Some people may have an active disease but do not have any of the negative prognostic indicators. These include, but are not limited to, deletion of chromosome 17p and translocation of 4;14 or 14;16 or 14;20. Your myeloma specialist will run the FISH test or other genetic tests to determine if you have any of these negative prognostic indicators. If you are considered high risk, the life expectancy is just half of the current average, or just 2 years. You can read more about high risk multiple myeloma if you CLICK HERE.
The sensitivity of the disease to treatment is also important. My myeloma seemed to be very sensitive to the combination of Cytoxan, Thalamid and Dexamethasone and put me into remission very quickly. Some people might have the same experience with Revlimid, Velcade, or Dex, or any combination of these drugs. If the disease comes back, as it often does, the re-application of the same regimen may continue to work for years. I know one patient who has taken Thalomid for years as his only treatment and remains in remission. This is working well for him.
And of course if the average is 4 years, half of the people will invariably beat the average.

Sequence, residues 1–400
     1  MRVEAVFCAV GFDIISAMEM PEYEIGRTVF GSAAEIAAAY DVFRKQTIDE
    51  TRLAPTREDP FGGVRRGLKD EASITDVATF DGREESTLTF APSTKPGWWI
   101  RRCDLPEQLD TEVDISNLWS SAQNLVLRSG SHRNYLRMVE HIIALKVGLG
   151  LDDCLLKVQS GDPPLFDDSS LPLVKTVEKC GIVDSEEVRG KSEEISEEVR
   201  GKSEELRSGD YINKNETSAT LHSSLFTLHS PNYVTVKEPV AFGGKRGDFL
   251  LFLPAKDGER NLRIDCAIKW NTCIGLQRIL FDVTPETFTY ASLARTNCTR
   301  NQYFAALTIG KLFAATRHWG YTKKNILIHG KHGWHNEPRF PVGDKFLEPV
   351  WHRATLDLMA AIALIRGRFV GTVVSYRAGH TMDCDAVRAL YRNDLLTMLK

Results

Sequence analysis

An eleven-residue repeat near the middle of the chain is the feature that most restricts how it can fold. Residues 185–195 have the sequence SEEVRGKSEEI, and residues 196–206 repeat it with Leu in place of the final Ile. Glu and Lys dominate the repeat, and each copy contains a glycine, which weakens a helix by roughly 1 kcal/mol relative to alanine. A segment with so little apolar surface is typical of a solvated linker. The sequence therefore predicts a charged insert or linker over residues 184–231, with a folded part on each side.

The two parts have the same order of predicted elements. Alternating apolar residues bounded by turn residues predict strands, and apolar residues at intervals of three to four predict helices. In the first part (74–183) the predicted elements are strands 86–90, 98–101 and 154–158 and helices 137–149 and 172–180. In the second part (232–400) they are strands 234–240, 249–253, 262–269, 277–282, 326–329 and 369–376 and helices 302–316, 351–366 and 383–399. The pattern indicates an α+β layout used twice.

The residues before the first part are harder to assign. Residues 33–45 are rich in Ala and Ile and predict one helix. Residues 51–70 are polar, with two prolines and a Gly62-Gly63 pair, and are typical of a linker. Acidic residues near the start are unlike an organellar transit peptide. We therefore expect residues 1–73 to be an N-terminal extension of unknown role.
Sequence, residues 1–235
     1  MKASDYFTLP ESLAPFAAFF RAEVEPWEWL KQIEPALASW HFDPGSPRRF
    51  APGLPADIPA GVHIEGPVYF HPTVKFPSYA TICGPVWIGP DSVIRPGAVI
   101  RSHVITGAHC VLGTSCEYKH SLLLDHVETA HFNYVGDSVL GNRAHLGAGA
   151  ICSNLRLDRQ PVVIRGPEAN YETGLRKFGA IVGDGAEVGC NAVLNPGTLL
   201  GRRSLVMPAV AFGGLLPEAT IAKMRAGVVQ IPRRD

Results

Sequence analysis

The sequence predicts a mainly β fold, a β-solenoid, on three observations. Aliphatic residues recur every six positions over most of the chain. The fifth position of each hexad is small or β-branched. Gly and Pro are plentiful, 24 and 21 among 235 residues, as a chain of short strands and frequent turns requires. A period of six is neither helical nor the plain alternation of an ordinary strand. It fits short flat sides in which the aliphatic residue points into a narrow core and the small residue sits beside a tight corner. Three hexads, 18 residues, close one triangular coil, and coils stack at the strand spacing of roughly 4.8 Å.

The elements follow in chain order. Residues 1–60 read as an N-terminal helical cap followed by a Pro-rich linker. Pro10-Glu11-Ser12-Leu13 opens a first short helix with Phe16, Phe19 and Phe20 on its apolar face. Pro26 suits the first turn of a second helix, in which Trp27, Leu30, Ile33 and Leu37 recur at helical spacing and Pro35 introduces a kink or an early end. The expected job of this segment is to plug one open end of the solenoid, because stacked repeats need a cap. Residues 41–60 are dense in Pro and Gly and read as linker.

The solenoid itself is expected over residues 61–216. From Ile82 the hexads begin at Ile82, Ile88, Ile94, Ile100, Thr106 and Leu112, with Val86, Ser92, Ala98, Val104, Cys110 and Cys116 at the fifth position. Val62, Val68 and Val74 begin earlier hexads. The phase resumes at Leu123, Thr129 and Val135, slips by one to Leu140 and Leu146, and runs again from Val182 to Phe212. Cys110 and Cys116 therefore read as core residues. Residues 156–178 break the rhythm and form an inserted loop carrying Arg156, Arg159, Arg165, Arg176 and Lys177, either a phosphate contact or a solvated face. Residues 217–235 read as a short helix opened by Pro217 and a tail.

I am sure there are other disease factors, however, what I will discuss now is the part of disease control that you may or may not have more control over.
Part 3 – Quality of Care
There are some elements that you may or may not have much control over, the first of which is the availability of insurance. If you do not have insurance or have no access to care, the average life expectancy is less than one year. However, Medicare has a Compassionate Allowance Program where you can be approved in less than two weeks if you go to your local office and can show that you will not live without care. To see the program CLICK HERE. The Affordable Care Act may provide an option for the 15% who are not insured, and Medicare, Medicaid, and drug company assistance programs are also available. In addition, there are other programs which can provide assistance listed on the bottom of the home page, to view CLICK HERE. Unfortunately without care, like people who need dialysis (which is always covered by Medicare), you will have below average life expectancy.